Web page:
2. Avoiding direct attacks on the PE firm
PE firms are a prime target for increasingly sophisticated and bold cyber attacks because they have large quantities of capital at their disposal and regular involvement with third parties. Malicious adversaries have ample opportunities for attacks, such as targeted phishing, spoofing and digital impersonation, where large amounts of money could be siphoned during the course of a complex deal.
Alas, security fundamentals adapted to the business complexity and deal intensity are often seen as a blocker rather than an enabler in a deal context.
The volume and frequency of transactions themselves also provide an opportunity for attackers to steal money in a way that might go overlooked (i.e., fraud within the funds-flow process) or undetected for some time. In fact, PE firms might be doubly vulnerable, because when they do focus on managing cybersecurity and other operational issues, this focus tends to be within their portfolio companies, rather than within their own four walls.
3. Managing complications arising from COVID-19
Day-to-day operations for PE firms and their portfolio companies across every sector have been roiled by remote working practices – many of which may be here to stay. As in other sectors, remote work transforms cyber risk profiles.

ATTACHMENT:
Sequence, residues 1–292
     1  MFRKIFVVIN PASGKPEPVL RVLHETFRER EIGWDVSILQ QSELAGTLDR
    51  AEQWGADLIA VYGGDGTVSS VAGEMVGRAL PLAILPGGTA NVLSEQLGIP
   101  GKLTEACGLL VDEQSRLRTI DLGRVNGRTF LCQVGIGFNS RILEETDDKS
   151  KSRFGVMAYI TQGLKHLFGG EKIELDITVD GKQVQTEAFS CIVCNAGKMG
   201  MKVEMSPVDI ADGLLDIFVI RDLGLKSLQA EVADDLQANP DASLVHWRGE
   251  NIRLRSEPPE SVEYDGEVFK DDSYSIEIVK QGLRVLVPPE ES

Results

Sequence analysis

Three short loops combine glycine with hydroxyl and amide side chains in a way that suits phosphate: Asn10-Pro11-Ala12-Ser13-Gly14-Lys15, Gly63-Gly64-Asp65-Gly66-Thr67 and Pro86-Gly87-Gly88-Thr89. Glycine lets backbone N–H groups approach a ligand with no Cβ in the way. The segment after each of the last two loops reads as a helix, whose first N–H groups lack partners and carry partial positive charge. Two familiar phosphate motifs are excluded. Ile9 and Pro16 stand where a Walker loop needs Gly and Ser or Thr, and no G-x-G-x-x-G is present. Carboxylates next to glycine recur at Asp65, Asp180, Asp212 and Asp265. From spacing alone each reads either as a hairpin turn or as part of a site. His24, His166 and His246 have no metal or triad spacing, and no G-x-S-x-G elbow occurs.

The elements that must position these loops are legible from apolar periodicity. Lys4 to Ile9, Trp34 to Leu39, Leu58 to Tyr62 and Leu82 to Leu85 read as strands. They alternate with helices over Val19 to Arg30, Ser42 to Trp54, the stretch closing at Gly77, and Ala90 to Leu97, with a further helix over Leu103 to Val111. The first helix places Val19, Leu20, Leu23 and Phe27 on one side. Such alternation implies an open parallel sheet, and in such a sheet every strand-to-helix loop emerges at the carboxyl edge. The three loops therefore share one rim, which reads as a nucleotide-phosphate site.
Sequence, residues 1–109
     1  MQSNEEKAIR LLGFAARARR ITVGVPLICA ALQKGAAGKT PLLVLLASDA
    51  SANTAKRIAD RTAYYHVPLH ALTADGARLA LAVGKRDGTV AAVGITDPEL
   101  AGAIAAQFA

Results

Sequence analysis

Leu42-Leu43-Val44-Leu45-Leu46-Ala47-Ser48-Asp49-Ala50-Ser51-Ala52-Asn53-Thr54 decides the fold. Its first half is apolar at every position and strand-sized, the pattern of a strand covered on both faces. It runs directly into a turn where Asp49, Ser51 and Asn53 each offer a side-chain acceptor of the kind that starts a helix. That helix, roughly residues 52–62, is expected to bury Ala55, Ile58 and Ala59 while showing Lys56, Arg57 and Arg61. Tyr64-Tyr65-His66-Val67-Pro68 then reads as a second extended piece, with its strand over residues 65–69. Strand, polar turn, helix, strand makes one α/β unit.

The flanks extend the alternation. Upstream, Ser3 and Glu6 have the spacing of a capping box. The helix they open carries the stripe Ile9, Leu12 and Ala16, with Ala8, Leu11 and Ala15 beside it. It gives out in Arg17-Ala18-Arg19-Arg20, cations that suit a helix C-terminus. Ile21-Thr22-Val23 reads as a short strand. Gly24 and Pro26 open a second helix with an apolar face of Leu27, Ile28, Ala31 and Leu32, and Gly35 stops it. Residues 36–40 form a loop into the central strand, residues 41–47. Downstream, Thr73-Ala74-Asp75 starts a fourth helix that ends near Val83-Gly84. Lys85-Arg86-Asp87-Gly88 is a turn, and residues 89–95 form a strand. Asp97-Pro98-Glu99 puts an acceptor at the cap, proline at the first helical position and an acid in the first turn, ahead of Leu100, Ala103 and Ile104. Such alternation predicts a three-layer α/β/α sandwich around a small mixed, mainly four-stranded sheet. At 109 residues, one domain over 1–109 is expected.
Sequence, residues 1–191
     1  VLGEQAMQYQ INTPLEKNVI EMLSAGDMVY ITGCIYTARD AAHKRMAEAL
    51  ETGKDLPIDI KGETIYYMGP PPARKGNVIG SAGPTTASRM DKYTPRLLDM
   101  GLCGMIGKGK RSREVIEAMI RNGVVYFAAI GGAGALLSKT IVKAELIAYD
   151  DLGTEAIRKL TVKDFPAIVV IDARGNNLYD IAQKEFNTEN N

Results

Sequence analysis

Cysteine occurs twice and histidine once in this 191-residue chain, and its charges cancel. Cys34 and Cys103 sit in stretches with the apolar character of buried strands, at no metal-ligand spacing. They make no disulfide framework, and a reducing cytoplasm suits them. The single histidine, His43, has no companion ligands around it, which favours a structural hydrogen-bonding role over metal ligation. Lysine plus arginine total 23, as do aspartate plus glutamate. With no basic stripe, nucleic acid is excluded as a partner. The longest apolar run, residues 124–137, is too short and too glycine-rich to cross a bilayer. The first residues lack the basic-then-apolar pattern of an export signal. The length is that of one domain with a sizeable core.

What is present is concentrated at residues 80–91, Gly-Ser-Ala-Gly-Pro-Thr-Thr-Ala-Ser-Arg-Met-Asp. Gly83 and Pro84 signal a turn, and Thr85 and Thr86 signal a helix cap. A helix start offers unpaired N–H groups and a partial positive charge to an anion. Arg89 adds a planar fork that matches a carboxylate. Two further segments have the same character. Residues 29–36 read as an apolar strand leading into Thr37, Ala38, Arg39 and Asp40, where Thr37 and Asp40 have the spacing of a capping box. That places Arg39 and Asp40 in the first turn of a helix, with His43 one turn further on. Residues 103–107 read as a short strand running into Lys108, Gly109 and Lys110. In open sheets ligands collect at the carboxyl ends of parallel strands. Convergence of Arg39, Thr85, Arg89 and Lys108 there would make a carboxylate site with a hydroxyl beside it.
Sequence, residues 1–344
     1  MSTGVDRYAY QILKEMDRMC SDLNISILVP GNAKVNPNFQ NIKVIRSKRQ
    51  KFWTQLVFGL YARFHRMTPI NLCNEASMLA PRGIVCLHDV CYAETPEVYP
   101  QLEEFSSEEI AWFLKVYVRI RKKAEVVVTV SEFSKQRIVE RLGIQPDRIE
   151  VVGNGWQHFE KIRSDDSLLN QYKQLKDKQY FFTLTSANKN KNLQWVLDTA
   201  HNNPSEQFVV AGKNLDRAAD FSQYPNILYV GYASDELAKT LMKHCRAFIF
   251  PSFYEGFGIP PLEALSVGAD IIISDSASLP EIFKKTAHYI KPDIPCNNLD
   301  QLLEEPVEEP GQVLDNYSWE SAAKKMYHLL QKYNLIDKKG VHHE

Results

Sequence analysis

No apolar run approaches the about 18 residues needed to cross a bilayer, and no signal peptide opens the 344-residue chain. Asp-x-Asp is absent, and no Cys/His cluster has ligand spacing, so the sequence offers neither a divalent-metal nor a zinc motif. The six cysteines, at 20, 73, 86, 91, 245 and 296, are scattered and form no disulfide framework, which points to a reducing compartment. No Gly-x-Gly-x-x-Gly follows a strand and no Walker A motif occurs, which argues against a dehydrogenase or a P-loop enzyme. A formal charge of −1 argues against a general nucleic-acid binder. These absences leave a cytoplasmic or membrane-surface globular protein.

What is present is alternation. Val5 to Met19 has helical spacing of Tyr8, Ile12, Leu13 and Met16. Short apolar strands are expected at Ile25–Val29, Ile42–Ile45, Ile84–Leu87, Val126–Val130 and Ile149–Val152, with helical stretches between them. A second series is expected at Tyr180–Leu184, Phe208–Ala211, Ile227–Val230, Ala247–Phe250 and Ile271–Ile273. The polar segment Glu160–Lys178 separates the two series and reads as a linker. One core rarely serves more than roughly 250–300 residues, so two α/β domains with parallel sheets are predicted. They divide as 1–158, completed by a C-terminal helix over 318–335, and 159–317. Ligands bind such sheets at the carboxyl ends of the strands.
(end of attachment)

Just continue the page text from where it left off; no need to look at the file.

IT assets such as laptops and smartphones are being used more frequently outside the office, where they can be lost or more easily accessed by malicious adversaries. A key risk arises from employees managing confidential intellectual property in environments such as their home or local café, where internet security is less stringent.
Security awareness is now becoming an important factor in security strategies as corporate employees are proving to be the easier target to breach rather than infrastructures. As such, risks to consider include:
- Phishing scams. In the age of COVID-19, these can often be in the form of fake public health emails containing malicious links.
- Attacks on high-level executives, who may have access to valuable assets and data, often with administrative IT clearance.
- Exploitation of home working environments, including unsecured networks, devices and applications in the hands of untrained individuals or employees’ children.
GPs should think seriously about how changes to operations and working locations prompted by the pandemic have affected the cybersecurity of each of their portfolio companies.
Assessing PE’s cybersecurity risk
To assess the risk, consider using a cybersecurity assessment framework that brings together a traditional risk-based cybersecurity assessment, a deal-focused cyber transaction assessment, and a cybersecurity due diligence review. This type of framework can help you understand and address these concerns throughout the M&A deal life cycle. Consider three lenses: investment thesis, business operations, and cyber risk and vulnerabilities – the outputs of which would be assessed against each security domain to identify the intrinsic risk for each portfolio company.